NEW YORK — Toys and TVs at J.C. Penney, Barbies at Best Buy, kitchen appliances like wine refrigerators at B.J.’s. As the holiday shopping season officially kicks off Thursday, shoppers may find some surprises at their favorite stores.
Even as retailers are counting on a lift from a better economy, they’re looking beyond economic data and mapping out ways to pick up sales from other retailers as Amazon expands its reach. That can mean opening earlier than rivals on the holidays or even jumping into new product categories. The fight for market share comes as analysts at Bain say Amazon is expected to take half of the holiday season’s sales growth. And Amazon is the top destination for people to begin holiday shopping, according to a September study by market research firm NPD Group.
“The retailers are in survival mode. It’s about stealing each other’s market share,” said Marshal Cohen, chief industry analyst at NPD. “Amazon is the Grinch. They’re stealing the growth.”
With the jobless rate at a 17-year-low of 4.1 percent and consumer confidence stronger than a year ago, analysts project healthy sales increases for November and December. The National Retail Federation trade group expects sales for that period to at least match last year’s rise of 3.6 percent and estimates online spending and other non-store sales will rise 11 percent to 15 percent.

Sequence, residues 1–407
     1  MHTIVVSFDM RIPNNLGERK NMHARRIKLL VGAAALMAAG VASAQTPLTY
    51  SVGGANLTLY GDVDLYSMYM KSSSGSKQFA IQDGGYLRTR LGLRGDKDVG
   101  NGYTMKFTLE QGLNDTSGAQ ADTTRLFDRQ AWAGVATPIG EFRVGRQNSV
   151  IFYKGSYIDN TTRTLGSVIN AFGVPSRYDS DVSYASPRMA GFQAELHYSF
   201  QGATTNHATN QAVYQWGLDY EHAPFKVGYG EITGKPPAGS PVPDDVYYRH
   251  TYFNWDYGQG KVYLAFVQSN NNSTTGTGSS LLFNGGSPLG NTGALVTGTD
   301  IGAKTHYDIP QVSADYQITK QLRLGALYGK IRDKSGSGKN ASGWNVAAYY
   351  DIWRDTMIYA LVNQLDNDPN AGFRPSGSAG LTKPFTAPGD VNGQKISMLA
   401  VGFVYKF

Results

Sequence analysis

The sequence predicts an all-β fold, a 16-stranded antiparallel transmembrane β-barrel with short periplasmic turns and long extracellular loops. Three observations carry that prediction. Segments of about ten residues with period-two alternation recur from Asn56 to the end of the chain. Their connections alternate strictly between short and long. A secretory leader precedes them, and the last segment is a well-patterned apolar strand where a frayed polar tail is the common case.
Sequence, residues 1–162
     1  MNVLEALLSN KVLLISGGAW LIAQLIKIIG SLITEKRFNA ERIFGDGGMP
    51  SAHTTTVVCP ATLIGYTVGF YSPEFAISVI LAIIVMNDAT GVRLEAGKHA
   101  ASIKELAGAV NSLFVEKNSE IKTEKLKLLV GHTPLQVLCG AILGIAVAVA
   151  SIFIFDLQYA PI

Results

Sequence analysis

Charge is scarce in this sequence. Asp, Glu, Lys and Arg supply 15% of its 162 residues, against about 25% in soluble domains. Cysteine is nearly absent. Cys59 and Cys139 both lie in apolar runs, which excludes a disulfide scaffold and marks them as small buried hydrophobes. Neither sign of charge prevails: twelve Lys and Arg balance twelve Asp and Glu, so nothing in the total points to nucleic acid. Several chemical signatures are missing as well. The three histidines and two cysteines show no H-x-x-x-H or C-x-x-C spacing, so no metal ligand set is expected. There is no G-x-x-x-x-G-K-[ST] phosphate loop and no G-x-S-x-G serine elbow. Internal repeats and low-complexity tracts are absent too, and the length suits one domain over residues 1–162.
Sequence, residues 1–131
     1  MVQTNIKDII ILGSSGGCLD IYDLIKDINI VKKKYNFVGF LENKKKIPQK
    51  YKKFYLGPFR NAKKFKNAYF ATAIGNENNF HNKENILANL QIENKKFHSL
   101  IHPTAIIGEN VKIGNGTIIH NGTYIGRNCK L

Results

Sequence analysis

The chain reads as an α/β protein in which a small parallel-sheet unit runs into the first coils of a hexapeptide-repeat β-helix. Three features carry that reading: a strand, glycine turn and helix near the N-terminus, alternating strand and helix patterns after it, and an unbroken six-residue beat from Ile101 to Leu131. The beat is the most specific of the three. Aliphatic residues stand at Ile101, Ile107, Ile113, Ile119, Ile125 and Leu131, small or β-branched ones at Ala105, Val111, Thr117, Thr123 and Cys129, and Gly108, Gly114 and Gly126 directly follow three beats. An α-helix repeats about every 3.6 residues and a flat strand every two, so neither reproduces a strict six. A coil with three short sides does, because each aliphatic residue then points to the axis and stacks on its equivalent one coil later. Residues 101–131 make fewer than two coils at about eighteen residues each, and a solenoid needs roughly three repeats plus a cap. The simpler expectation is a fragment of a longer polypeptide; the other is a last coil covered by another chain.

Amazon is expected to be a big beneficiary as it cements loyalty among its Prime members and moves into new services and private-label merchandise. The company has introduced more than 20 such brands in the past two years in clothing, electronics, groceries and more, says Bain.
That leaves stores looking at rivals to see where they can pick up sales. There are extra dollars up for grabs this year, after thousands of store locations have closed and several retailers including Gymboree and Toys R Us filed for bankruptcy protection.
Jordan Ascencio, who has sons aged 1, 7, and 8, plans to bypass Toys R Us on Black Friday after being turned off by what she says are dirty stores and skimpy supplies. The latest problem: Her online order was canceled following a large-scale coupon glitch.
“I am not a fan anymore,” said the resident of Sapulpa, Oklahoma. Instead, she plans to buy toys at J.C. Penney and Target.
And with Gymboree shuttering a quarter of its stores, Ascencio is buying more of her children’s clothing at Target, which has launched a number …read more
Source:: Deseret News – Business News